The challenge to the insurance industry is greater transparency. People have got to know when they buy a plan what it is they are getting. So far it has proven very difficult for insurance companies and for some of the marketplaces that have tried to put up provider directories to provide accurate, up-to-date information on just who is in the network and who is taking new patients.
Q: What is being done in the federal and state marketplaces to make sure information on particular doctors and hospitals is available?
COHEN: Both the federal government and a number of states now are making a requirement that these directories be provided and updated on regular basis. The question is, what kind of enforcement will we see? If insurers can’t provide up-to-date information, that risks the whole concept of these narrow networks.
Q: In some states, all or most of the plans being sold on the marketplaces are narrow networks. Many don’t offer out-of-network coverage at all. Should regulators require insurers to offer both broad and narrow network plans?
COHEN: I think the market really is providing that choice. [Consultant] McKinsey & Company did a study showing that 90 percent of people have the choice of a broad network. Generally speaking, a lot of the BlueCross BlueShield plans do offer both a broad and a narrow network.
Q: How do insurers select these networks? Should they disclose that?This KHN story can be republished for free (details).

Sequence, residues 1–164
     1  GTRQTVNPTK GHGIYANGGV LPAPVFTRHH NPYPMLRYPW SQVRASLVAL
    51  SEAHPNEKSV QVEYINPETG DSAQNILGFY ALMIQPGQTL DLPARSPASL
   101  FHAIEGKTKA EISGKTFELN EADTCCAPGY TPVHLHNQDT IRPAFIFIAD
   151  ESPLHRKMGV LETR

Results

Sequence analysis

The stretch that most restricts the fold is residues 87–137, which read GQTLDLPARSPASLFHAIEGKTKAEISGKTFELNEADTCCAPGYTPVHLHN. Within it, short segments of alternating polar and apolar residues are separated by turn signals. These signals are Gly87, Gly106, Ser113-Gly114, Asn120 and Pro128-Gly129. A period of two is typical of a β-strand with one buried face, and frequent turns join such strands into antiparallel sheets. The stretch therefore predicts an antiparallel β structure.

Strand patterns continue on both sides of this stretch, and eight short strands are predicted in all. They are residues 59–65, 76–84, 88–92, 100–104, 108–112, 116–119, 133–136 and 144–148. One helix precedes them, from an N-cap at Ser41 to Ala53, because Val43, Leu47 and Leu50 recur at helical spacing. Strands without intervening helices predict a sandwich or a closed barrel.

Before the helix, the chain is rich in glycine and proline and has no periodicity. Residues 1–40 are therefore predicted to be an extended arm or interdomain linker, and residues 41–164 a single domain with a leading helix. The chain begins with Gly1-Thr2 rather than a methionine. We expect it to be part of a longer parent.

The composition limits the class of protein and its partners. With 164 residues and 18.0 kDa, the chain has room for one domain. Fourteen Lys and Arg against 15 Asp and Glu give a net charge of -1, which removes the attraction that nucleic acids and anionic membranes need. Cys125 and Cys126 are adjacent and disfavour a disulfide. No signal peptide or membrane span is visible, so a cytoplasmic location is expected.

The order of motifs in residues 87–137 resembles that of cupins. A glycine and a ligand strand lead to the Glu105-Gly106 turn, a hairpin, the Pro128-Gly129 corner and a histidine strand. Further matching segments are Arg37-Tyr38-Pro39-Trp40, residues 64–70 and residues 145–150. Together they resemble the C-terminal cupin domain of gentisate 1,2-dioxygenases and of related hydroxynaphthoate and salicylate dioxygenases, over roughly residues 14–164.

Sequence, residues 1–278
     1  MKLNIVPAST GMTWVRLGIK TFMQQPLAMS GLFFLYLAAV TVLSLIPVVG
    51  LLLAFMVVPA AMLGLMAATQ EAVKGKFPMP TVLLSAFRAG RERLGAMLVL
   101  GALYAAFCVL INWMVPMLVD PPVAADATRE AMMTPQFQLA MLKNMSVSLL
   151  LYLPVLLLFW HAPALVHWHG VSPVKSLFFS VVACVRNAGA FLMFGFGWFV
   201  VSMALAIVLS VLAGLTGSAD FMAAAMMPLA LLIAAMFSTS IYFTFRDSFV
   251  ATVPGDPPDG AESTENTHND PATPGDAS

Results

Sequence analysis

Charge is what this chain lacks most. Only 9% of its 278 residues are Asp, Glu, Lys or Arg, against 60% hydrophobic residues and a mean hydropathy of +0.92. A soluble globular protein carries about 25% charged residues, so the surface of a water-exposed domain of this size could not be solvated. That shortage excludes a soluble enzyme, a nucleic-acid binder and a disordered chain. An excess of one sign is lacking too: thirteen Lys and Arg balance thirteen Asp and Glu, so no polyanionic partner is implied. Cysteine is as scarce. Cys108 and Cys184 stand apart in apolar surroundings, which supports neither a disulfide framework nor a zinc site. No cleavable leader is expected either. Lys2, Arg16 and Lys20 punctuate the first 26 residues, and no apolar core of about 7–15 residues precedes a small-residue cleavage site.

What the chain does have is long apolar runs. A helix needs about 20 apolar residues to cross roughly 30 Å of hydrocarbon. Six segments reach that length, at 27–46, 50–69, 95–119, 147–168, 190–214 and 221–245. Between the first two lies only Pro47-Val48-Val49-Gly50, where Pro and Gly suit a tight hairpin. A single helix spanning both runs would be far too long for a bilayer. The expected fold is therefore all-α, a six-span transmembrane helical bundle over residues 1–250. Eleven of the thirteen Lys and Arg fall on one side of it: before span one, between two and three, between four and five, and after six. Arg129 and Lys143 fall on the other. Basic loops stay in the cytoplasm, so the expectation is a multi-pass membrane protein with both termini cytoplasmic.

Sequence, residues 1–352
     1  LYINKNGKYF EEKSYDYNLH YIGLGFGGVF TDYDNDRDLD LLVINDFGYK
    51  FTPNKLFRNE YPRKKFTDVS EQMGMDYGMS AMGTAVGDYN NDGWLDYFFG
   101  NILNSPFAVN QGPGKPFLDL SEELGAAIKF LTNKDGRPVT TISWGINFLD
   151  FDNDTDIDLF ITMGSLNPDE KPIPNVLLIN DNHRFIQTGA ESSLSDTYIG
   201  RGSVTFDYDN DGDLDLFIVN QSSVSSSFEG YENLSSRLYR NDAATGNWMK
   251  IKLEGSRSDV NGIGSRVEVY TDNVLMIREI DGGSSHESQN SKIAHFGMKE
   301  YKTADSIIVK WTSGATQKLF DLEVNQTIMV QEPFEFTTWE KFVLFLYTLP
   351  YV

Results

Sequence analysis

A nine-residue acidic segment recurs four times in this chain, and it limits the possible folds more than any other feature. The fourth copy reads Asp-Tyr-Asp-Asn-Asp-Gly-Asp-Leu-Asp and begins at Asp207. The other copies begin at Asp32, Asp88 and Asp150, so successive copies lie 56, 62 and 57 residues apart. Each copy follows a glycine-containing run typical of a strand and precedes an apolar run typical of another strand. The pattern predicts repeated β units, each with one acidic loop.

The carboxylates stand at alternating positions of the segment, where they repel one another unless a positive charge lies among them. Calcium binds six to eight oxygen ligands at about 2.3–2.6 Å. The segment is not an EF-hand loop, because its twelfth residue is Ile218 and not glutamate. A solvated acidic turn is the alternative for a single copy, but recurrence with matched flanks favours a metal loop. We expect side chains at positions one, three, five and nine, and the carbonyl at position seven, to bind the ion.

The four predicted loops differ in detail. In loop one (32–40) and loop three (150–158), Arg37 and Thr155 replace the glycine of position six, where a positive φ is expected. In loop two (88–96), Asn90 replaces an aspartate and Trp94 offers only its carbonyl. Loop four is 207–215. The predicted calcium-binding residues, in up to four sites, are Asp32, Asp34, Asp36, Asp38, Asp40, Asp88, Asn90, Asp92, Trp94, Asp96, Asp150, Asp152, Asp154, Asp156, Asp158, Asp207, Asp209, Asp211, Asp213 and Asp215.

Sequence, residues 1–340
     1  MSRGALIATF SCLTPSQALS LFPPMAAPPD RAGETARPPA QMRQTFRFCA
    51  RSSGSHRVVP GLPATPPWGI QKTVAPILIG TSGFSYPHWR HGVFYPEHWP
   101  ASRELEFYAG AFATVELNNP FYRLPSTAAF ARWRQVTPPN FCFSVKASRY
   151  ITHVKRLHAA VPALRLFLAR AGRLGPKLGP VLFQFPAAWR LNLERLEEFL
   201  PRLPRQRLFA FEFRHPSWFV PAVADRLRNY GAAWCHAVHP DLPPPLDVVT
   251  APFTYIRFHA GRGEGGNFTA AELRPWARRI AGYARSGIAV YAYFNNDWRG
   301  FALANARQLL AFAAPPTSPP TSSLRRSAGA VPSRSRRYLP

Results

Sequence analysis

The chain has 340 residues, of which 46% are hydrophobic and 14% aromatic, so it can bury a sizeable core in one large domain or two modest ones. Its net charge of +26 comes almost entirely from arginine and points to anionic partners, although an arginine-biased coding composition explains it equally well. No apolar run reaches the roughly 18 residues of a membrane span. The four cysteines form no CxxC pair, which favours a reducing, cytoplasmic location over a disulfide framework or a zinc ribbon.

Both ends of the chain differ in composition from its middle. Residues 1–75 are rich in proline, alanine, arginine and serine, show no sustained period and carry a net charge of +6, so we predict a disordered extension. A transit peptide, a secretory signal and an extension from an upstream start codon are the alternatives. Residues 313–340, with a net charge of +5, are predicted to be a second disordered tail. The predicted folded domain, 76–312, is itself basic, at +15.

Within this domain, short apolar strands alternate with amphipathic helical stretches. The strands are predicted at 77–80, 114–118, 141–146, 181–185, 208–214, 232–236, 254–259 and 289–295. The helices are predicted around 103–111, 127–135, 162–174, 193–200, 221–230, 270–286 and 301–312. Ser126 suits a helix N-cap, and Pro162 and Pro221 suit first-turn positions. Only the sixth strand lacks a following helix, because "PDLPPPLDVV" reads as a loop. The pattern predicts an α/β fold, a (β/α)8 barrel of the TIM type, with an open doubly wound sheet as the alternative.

COHEN: If a network is designed not just to be lower cost, but is designed to be higher quality, more efficient and therefore lower cost, then it’s important people understand that. And the criteria used to select the physicians and hospitals in the network [should] be made known to the public. If I am convinced that one network I’m being offered has higher quality of care, I might choose that network even if it meant I had to travel a little further to see doctor or wait a little longer for an appointment.
Q: Are any insurers doing that yet?
COHEN: A lot of these new types of organizations are just beginning to happen now in the wake of the ACA and in wake of what Medicare is doing with its ACO program. We don’t have a lot of data yet but as time goes by, we will. We need to rethink our measures of what is an adequate network. Typically we look at the time it takes to get to a doctor’s office or to get an appointment, but with increased use of telemedicine where people will see physicians in video calls or by email, some of those measures may be less important. Not unimportant, but less important.
Q: You warn that regulators could get in the way of creating good narrow networks. How?